At Fred Hutchinson Cancer Research Center, home to three Nobel laureates, interdisciplinary teams of world-renowned scientists seek new and innovative ways to prevent, diagnose and treat cancer, HIV/AIDS and other life-threatening diseases. Fred Hutch's pioneering work in bone marrow transplantation led to the development of immunotherapy, which harnesses the power of the immune system to treat cancer with minimal side effects. An independent, nonprofit research institute based in Seattle, Fred Hutch houses the nation's first and largest cancer prevention research program, as well as the clinical coordinating center of the Women's Health Initiative and the international headquarters of the HIV Vaccine Trials Network. Private contributions are essential for enabling Fred Hutch scientists to explore novel research opportunities that lead to important medical breakthroughs. For more information visit or follow Fred Hutch on Facebook, Twitter or YouTube.

Fred Hutchinson Cancer Research Center

Related Cancer Articles:

Radiotherapy for invasive breast cancer increases the risk of second primary lung cancer
East Asian female breast cancer patients receiving radiotherapy have a higher risk of developing second primary lung cancer.
Cancer genomics continued: Triple negative breast cancer and cancer immunotherapy
Continuing PLOS Medicine's special issue on cancer genomics, Christos Hatzis of Yale University, New Haven, Conn., USA and colleagues describe a new subtype of triple negative breast cancer that may be more amenable to treatment than other cases of this difficult-to-treat disease.
Metabolite that promotes cancer cell transformation and colorectal cancer spread identified
Osaka University researchers revealed that the metabolite D-2-hydroxyglurate (D-2HG) promotes epithelial-mesenchymal transition of colorectal cancer cells, leading them to develop features of lower adherence to neighboring cells, increased invasiveness, and greater likelihood of metastatic spread.
UH Cancer Center researcher finds new driver of an aggressive form of brain cancer
University of Hawai'i Cancer Center researchers have identified an essential driver of tumor cell invasion in glioblastoma, the most aggressive form of brain cancer that can occur at any age.
UH Cancer Center researchers develop algorithm to find precise cancer treatments
University of Hawai'i Cancer Center researchers developed a computational algorithm to analyze 'Big Data' obtained from tumor samples to better understand and treat cancer.
New analytical technology to quantify anti-cancer drugs inside cancer cells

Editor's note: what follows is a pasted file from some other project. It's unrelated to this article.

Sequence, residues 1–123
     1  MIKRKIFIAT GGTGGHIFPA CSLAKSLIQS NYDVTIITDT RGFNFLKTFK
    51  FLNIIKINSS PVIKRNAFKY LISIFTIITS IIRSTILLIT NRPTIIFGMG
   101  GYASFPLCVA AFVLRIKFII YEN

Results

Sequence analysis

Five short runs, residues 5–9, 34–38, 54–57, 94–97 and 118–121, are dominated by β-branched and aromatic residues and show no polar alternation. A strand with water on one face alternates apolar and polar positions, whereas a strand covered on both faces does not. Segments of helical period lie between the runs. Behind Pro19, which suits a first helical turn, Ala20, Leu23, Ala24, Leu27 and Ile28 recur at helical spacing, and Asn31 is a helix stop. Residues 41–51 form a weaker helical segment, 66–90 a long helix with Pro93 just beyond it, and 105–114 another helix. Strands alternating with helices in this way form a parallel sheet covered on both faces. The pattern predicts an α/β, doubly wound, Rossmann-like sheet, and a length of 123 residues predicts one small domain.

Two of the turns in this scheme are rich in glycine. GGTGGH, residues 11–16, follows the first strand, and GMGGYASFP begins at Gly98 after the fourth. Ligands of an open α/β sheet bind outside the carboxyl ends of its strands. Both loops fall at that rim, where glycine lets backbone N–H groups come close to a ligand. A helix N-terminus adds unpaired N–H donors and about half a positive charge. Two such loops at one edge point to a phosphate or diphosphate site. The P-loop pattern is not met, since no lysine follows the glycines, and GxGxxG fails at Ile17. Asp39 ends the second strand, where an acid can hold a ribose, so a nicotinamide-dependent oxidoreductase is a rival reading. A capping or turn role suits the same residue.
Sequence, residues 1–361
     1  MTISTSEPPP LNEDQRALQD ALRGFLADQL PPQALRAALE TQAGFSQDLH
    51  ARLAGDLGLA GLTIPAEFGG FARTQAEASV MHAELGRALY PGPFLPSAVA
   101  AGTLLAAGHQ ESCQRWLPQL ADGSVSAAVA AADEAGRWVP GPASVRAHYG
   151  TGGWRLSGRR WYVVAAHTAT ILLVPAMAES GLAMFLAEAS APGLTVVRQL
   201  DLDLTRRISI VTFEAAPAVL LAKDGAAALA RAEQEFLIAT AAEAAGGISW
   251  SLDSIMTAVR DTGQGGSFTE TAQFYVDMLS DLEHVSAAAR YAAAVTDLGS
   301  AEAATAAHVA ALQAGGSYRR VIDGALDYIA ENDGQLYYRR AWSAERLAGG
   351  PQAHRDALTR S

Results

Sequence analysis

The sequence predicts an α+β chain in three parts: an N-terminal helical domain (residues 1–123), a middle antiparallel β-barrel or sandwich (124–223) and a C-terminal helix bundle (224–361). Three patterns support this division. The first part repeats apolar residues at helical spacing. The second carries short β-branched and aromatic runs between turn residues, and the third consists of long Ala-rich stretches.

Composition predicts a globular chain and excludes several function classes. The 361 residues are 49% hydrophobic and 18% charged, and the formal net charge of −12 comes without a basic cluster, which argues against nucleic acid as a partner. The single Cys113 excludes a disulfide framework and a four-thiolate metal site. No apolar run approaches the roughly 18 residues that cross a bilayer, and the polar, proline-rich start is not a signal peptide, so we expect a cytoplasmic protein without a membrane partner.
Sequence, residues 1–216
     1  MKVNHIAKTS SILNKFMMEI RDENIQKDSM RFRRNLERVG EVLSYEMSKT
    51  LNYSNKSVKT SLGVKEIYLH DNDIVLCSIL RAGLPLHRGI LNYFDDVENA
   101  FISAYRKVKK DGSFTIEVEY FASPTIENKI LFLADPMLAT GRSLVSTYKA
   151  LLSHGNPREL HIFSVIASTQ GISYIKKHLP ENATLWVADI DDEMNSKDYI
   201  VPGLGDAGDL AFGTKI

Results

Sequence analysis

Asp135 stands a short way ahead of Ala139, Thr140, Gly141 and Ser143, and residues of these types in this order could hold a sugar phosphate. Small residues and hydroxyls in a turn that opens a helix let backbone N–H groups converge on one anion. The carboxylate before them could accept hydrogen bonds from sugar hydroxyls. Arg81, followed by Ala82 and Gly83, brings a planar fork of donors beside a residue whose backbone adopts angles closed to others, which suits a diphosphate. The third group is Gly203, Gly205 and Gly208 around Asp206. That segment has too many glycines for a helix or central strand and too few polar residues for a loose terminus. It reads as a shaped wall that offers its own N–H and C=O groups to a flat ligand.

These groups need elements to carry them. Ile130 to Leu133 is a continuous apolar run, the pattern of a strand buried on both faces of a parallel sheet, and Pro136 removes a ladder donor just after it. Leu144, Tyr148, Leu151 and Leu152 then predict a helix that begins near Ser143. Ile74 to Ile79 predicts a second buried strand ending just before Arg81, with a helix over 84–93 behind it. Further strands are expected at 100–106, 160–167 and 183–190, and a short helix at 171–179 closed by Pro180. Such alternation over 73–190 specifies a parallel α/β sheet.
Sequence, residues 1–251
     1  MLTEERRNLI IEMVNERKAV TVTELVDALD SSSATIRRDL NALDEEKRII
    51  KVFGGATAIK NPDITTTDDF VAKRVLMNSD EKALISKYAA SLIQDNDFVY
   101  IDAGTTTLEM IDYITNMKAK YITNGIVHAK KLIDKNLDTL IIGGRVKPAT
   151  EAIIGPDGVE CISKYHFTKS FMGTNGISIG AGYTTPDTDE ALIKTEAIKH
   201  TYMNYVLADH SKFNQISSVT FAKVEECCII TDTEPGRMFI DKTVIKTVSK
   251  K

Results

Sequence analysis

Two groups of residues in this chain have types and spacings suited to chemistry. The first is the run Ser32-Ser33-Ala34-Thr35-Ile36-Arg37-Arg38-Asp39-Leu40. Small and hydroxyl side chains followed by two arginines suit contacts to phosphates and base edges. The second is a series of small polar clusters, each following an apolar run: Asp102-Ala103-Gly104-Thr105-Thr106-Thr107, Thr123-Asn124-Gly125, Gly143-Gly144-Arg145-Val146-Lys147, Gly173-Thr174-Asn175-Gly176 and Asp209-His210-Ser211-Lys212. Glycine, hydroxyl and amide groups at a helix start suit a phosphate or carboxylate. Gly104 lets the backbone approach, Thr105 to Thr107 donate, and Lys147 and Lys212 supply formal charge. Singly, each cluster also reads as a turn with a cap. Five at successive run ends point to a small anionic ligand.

University of Oklahoma researchers will apply a new analytical technology that could ultimately provide a powerful tool for improved treatment of cancer patients in Oklahoma and beyond.
Radiotherapy for lung cancer patients is linked to increased risk of non-cancer deaths
Researchers have found that treating patients who have early stage non-small cell lung cancer with a type of radiotherapy called stereotactic body radiation therapy is associated with a small but increased risk of death from causes other than cancer.
Cancer expert says public health and prevention measures are key to defeating cancer
Is investment in research to develop new treatments the best approach to controlling cancer?
UI Cancer Center, Governors State to address cancer disparities in south suburbs
The University of Illinois Cancer Center and Governors State University have received a joint four-year, $1.5 million grant from the National Cancer Institute to help both institutions conduct community-based research to reduce cancer-related health disparities in Chicago's south suburbs.
Leading cancer research organizations to host international cancer immunotherapy conference
The Cancer Research Institute, the Association for Cancer Immunotherapy, the European Academy of Tumor Immunology, and the American Association for Cancer Research will join forces to sponsor the first International Cancer Immunotherapy Conference at the Sheraton New York Times Square Hotel in New York, Sept.

Related Cancer Reading:

Best Science Podcasts 2019

We have hand picked the best science podcasts for 2019. Sit back and enjoy new science podcasts updated daily from your favorite science news services and scientists.
Now Playing: TED Radio Hour

Jumpstarting Creativity
Our greatest breakthroughs and triumphs have one thing in common: creativity. But how do you ignite it? And how do you rekindle it? This hour, TED speakers explore ideas on jumpstarting creativity. Guests include economist Tim Harford, producer Helen Marriage, artificial intelligence researcher Steve Engels, and behavioral scientist Marily Oppezzo.
Now Playing: Science for the People

#524 The Human Network
What does a network of humans look like and how does it work? How does information spread? How do decisions and opinions spread? What gets distorted as it moves through the network and why? This week we dig into the ins and outs of human networks with Matthew Jackson, Professor of Economics at Stanford University and author of the book "The Human Network: How Your Social Position Determines Your Power, Beliefs, and Behaviours".